What you'll learn
- How to analyze and understand the Book of Hours in the context of Medieval European art
- How to recognize regional variation in books of hours
- The history of prayer in the Western Middle Ages
- How to place the history of the book of hours as a genre within the context of the broader development of painting in Europe over the course of the 12th through the early 16th centuries
- The role of images in prayer and piety through comparison to works of art in the Harvard Art Museums
In Medieval Europe, the book of hours, so called because its core component consists of the Hours of the Virgin, became the prayer book of choice for worshippers prosperous enough to commission or purchase such a book.
Although its contents were of monastic origin, literate lay readers were the most likely to use books of hours, as served not only as a prayer book but also as a way of keeping track of the calendar, often doubling as a family chronicle.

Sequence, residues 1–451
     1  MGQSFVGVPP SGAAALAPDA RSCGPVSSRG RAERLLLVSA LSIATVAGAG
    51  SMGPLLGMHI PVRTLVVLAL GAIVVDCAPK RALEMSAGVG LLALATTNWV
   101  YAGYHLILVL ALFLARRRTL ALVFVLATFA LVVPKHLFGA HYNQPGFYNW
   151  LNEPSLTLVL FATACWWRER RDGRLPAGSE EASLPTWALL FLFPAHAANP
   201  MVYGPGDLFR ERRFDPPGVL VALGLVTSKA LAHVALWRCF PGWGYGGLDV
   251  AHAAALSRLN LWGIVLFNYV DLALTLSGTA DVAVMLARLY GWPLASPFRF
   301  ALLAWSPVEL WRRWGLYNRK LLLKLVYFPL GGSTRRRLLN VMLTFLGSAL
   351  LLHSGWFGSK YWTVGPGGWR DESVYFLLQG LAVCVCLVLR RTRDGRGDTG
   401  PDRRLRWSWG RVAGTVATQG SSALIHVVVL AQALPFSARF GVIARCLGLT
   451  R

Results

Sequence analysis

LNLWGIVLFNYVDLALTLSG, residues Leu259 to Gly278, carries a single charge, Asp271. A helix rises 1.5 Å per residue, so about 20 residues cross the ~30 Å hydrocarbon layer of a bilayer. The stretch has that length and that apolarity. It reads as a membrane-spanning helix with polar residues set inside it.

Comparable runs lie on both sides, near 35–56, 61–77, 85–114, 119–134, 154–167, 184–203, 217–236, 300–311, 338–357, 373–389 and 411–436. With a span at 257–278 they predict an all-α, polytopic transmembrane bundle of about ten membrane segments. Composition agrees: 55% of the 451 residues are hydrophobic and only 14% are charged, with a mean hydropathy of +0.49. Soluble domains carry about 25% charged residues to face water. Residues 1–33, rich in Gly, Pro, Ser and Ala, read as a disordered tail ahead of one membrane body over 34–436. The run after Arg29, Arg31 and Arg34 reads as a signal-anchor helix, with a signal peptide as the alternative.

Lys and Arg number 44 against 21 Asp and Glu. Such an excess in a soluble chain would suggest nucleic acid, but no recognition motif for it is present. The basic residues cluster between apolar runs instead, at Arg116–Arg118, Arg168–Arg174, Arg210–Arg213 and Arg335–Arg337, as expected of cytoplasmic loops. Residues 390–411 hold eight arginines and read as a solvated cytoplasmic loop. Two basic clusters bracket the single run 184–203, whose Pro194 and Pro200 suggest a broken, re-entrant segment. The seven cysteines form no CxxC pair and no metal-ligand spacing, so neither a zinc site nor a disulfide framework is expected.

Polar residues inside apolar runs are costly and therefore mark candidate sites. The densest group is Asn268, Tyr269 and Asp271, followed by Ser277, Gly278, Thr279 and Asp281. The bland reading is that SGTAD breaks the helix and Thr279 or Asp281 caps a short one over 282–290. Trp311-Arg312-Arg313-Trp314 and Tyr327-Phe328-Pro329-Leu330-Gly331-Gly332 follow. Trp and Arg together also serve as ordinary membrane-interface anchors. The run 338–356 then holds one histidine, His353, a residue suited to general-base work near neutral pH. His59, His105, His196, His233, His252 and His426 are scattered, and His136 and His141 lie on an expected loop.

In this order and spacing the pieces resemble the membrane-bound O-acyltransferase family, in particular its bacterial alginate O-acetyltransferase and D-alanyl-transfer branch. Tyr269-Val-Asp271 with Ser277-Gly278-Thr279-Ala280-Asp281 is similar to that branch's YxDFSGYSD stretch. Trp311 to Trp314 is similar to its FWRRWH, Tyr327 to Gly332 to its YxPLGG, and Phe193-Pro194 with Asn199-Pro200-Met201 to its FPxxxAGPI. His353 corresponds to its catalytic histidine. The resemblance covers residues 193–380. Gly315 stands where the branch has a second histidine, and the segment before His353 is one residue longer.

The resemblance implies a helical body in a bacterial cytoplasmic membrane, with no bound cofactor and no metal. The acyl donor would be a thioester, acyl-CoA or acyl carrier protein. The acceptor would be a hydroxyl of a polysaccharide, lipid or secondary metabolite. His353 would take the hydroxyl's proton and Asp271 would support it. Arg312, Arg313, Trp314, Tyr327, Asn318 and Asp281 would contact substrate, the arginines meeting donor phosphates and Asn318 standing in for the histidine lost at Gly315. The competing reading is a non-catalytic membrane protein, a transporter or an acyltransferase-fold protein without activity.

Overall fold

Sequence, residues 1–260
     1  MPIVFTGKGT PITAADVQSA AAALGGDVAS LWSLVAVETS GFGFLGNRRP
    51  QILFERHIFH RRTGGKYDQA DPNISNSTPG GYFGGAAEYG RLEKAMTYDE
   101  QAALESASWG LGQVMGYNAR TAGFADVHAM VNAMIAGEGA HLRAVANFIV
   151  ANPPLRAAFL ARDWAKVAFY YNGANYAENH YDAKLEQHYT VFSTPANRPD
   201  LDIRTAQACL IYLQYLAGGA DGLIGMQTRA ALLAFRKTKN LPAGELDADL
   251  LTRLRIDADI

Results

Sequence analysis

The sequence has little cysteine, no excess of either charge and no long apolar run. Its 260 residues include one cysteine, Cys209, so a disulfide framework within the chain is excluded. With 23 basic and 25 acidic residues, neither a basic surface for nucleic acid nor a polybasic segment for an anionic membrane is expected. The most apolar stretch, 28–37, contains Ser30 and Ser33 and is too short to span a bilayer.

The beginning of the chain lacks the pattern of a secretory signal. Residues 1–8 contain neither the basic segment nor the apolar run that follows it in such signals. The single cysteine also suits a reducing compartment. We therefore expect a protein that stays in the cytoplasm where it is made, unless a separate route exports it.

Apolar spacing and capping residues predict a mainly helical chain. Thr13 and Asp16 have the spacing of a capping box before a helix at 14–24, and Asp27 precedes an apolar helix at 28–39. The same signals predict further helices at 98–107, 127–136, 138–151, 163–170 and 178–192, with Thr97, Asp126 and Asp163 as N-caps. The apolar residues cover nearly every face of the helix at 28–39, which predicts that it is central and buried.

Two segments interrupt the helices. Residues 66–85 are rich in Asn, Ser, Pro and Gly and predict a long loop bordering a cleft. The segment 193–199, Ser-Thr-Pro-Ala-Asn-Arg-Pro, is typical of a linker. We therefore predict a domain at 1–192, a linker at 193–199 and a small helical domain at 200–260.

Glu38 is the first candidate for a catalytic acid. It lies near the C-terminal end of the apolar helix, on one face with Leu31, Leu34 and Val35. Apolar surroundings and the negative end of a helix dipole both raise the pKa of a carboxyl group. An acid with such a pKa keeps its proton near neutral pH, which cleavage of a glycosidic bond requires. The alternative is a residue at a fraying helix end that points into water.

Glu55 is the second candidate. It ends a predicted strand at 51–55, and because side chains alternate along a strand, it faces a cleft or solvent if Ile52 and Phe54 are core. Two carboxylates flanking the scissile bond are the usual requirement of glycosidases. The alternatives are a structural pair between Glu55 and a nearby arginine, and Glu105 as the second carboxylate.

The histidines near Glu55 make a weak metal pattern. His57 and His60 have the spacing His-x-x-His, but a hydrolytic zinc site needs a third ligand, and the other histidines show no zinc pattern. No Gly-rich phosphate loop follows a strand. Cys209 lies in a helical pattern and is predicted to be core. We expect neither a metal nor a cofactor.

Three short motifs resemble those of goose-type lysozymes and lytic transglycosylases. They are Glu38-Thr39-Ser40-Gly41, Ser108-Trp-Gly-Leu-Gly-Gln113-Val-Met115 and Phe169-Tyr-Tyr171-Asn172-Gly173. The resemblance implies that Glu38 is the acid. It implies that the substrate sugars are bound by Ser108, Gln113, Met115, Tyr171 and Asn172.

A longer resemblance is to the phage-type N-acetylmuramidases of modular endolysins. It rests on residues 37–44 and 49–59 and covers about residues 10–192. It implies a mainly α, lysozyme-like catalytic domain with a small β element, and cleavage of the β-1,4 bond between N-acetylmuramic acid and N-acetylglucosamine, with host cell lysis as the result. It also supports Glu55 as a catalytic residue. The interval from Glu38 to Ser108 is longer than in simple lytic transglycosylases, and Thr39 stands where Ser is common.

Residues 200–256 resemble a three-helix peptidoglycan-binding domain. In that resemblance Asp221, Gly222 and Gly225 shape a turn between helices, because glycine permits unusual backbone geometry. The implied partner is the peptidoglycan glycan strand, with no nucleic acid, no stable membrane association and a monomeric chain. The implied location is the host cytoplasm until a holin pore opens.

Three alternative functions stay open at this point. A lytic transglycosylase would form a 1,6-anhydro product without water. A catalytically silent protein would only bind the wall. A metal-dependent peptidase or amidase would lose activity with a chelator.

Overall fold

Books of hours provide insight into broad patterns of piety marking the High and later Middle Ages, and through their choice of texts, images and added materials, inform us about the interior life and aspirations of everyone from kings and queens and lords and ladies to monks and nuns and, ordinary members of the patrician class, merchants and others.
In this course, we will explore how books of hours provide the closest thing we have to a comprehensive and continuous record of the development of painting across most of western Europe from the later thirteenth through the early sixteenth century.
Harvard Faculty of Arts & Sciences
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